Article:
What Happens When You Put the Wrong Size of Tire on Your Vehicle?
A tire with the wrong inside diameter may not properly fit the rim, while a tire with an incorrect outside diameter may affect the accuracy of the vehicle's speedometer and odometer. Additionally, because the traction control, torque and gearing settings depend on the distance the wheel travels in one revolution, a tire with the wrong outside diameter may also affect the proper function of these critical systems.
However, these pitfalls can be avoided by maintaining the overall size of the wheel when purchasing rims and tires. For instance, if the new rims are larger than the original ones by 2 inches, the height of the new tires must be 2 inches shorter. Keep in mind, though, that the height of a tire is not directly specified and must be calculated from its aspect ratio, or the proportion of its height to its width.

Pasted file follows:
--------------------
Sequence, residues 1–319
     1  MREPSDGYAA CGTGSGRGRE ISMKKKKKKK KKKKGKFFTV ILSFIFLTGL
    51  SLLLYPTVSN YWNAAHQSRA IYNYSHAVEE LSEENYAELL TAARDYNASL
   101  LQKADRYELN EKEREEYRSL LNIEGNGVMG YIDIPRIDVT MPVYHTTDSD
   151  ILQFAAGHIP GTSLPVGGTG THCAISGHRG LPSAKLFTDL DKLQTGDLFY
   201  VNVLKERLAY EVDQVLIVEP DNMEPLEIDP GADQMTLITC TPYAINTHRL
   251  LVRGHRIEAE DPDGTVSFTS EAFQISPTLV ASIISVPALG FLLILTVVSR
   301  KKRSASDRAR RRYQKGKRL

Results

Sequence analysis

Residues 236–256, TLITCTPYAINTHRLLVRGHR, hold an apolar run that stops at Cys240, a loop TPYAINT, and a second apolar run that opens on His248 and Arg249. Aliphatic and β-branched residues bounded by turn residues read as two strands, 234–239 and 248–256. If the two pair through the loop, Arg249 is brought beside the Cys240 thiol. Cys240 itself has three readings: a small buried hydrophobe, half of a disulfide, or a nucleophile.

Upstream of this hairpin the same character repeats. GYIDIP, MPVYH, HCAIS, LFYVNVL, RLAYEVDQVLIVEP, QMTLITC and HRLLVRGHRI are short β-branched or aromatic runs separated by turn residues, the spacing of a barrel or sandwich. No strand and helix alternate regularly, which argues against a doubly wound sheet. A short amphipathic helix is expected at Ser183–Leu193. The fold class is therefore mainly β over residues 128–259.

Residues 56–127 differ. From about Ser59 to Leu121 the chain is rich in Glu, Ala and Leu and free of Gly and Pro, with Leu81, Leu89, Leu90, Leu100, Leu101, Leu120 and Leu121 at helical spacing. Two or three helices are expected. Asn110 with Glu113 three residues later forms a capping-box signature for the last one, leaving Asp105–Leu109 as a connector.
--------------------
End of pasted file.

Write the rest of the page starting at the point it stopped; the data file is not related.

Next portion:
By carrying out these calculations, and buying the correct combination of rims and tires, a driver can even enhance the way a vehicle looks and drives. In fact, upsizing, or using a larger rim, can improve the car's braking performance, cornering grip and steering feel. And downsizing, or using a smaller rim, is useful when buying snow tires, as they tend to be less expensive and more effective on snow and ice in narrower sizes.